Some people in history weren't happy with Esperanto, and created offshoots of it, called Esperantidos (like Ido).

Since current Esperanto speakers are de facto more or less happy with it, what do they generally think of this "offspring"? Do they see it rather positively, or with despise, because of how it's a threat to the cohesion of Esperantujo, or maybe they just don't care?

  • 3
    Even though I'm also interested in this question, wouldn't any possible answer be opinion-based? I doubt there is any research or something to use as a reference for a concrete answer. But I might be wrong. Aug 25 '16 at 10:44
  • Maybe some people will have gotten a general idea out of talking about it with other Esperanto speakers?
    – jsksp
    Aug 25 '16 at 10:46
  • In the main Telegram group for Esperanto there are frequently jokes about Ido speakers who are portrayed as the enemy of Esperanto. However I'm sure this is only intended as a light-hearted joke, even if it is arguably somewhat in bad taste, and there is no real animosity towards Ido speakers.
    – Neil Roberts
    Aug 25 '16 at 11:53

Short answer: There is no "general feeling of Esperanto speakers" about anything. Any question starting with "What do Esperanto speakers think of ..." can't be answered in a general way.

  • 4
    Ironically, you did answer all those questions in a general way... ;-) Aug 25 '16 at 12:38
  • If you feel that some question doesn't really fit the site, vote to close it and (probably) down-vote.
    – ForceBru
    Aug 25 '16 at 14:01

It's going to be incredibly hard for anyone to come with a decent answer to this that is not opinion-based, but below is my general impression from attending a few international meetups with other Esperantists.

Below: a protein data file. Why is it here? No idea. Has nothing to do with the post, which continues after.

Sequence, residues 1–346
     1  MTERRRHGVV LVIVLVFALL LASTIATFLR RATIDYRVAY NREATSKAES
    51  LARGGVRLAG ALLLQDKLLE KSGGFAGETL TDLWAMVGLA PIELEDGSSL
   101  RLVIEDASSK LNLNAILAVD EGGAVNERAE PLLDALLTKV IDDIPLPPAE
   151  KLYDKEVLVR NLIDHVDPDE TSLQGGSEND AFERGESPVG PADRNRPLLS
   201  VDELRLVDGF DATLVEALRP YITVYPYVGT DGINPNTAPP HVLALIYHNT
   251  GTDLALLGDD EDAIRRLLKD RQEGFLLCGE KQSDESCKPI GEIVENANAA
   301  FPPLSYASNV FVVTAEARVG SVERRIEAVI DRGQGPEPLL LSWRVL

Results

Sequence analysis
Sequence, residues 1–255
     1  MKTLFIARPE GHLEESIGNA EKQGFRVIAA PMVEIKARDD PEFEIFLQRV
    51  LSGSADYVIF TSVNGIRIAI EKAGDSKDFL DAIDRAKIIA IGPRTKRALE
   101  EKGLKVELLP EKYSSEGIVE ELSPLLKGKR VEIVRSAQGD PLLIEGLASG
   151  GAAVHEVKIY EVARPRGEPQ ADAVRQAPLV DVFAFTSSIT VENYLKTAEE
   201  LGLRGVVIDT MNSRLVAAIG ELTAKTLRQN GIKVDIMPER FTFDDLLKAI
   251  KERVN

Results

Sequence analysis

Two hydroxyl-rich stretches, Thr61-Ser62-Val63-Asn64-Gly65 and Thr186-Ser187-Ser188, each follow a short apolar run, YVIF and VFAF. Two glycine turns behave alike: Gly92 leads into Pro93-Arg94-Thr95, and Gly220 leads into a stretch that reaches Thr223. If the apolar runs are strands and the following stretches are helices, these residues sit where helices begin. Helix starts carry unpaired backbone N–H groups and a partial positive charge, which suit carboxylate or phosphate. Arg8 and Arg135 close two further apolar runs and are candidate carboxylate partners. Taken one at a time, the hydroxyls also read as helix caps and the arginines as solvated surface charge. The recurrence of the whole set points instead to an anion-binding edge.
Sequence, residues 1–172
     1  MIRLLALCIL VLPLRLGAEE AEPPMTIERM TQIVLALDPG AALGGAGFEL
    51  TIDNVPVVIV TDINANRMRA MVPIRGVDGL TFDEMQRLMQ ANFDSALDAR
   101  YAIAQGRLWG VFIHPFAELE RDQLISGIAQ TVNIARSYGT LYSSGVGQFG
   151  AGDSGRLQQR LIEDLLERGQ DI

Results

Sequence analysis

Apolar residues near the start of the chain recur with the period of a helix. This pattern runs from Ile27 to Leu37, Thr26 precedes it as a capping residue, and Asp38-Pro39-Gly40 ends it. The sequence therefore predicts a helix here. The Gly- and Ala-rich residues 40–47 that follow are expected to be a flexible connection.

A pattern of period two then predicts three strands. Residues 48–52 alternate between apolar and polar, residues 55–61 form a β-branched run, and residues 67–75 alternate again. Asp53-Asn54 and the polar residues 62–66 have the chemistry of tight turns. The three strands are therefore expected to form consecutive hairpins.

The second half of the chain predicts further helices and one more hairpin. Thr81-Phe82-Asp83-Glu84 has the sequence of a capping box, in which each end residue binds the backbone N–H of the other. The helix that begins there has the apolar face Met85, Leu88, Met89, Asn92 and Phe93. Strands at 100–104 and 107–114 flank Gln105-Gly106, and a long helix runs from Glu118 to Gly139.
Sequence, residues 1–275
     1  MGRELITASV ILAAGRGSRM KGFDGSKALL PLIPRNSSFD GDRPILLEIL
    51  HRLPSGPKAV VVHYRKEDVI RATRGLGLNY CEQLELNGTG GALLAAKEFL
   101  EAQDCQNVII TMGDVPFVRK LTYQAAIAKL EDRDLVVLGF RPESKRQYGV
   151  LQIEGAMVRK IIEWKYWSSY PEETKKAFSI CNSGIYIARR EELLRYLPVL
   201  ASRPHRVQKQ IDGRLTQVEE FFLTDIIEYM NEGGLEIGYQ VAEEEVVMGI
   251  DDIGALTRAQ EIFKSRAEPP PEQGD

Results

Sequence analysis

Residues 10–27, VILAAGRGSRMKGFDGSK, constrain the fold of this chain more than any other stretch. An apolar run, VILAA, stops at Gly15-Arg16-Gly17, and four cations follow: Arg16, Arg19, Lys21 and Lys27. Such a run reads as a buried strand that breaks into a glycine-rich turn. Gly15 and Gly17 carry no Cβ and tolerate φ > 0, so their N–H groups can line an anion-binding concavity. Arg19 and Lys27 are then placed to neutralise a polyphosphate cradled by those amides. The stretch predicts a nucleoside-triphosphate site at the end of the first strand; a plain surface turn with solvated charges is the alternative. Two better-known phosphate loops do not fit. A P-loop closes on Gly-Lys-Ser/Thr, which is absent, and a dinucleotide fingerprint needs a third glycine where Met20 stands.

While finvenkismo is still very prevalent in the Esperanto community it is my impression, especially among the younger generations, that it is slowly fading away. That is to say, it is not unsupported but the desire to fight for Esperanto as an international auxilliary language is not as such.

And that's one of the main reasons people would not support an Esperantido; to protect Esperanto, and the position as the international language, from potential competitors.

At the latest IJK in Wrocław, Poland, which I attended I heard Ido spoken on multiple occasions and I believe even Popido once.

In summary it is my impression that Esperantidoj are generally not appreciated but increasingly tolerated.

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    And I sung a few songs in Toki Pona at IJK with some friends there. Albeit, Toki Pona is not an Esperantido, but yeah... I'd say Esperanto speakers are much less hostile to conlangs than conlangers are to Esperanto. :-/ Aug 25 '16 at 12:58
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    @ChuckSmith I think there is a significant difference of feeling toward other languages designed to be an international auxiliary language (esperantido or otherwise), than toward languages that never had that goal, such as toki pona.
    – kristan
    Aug 25 '16 at 20:10

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